Joinery on flatwork that's square and level is somewhat simple to envision. And when you plan for the joinery you're pretty sure about how to combat 1.) gravity, 2.) shear forces and 3.) stress from pieces being operated (drawers, doors) and how to combat human pushing/pulling. With bent forms... look out! Gravity may want to pull otherwise simple joinery apart. Shear forces may be different than you expect. And human intervention is a BIG wild card.
Starting with a full-scale study drawing, with all of the joinery choices called out in GREAT detail is mandatory. You need to look at what these forces will do on the joints and then make your choices accordingly.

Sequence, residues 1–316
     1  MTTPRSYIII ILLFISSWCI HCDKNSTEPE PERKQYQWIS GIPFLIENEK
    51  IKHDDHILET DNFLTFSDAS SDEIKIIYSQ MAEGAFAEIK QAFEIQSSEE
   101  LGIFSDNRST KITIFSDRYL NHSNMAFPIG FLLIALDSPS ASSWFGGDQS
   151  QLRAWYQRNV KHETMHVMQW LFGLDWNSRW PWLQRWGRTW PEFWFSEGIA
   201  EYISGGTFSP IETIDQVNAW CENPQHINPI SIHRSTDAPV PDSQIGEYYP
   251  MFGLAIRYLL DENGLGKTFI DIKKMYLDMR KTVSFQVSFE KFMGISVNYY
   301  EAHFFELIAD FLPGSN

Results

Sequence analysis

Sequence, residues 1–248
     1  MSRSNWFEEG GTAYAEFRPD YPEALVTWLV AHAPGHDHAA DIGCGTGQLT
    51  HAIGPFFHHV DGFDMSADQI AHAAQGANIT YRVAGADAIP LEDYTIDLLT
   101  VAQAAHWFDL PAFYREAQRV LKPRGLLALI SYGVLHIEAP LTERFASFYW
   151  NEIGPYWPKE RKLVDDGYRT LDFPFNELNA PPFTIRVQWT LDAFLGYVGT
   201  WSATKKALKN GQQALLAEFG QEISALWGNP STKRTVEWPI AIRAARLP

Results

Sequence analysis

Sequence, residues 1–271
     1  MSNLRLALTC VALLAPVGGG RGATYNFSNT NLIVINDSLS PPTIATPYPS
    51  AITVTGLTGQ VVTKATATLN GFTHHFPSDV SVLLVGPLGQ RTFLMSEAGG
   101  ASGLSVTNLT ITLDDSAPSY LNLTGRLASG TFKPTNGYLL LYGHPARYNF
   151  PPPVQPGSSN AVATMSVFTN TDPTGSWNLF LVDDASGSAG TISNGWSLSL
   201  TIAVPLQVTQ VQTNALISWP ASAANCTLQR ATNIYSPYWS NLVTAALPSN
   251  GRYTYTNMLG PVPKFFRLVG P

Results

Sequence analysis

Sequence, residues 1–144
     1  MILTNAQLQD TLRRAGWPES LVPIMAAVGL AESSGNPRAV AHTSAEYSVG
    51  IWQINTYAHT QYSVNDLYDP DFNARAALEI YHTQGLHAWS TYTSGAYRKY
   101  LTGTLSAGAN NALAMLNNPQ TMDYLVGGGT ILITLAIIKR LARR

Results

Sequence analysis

But the upshot is that these decisions are best made when you have a firm understanding, as well as a solid set of experiences in making the joinery in the first place. And... I hate to throw water on the fire here, you really do need to have a firm footing beneath you on that joinery before you incorporate it into wildly bent forms.
The other things to be said relate to actually making the bendy panels and then bringing it all together. Bombe' style furniture, which is carved from thick blocks, requires a somewhat large set of basic carving and shaping tools, a steady hand and a good eye. But the bendy work like those whimisical cases is most often done using two or more layers of a thing called 'bendy ply', a vaccum press, formwork to bend the bendy ply over (with that formwork either inside OR outside the bag, depending on the bend), and then veneer over the bendy ply. So there the tools and techniques are going to set you back some solid coin and the learning curve will look like a hockey stick.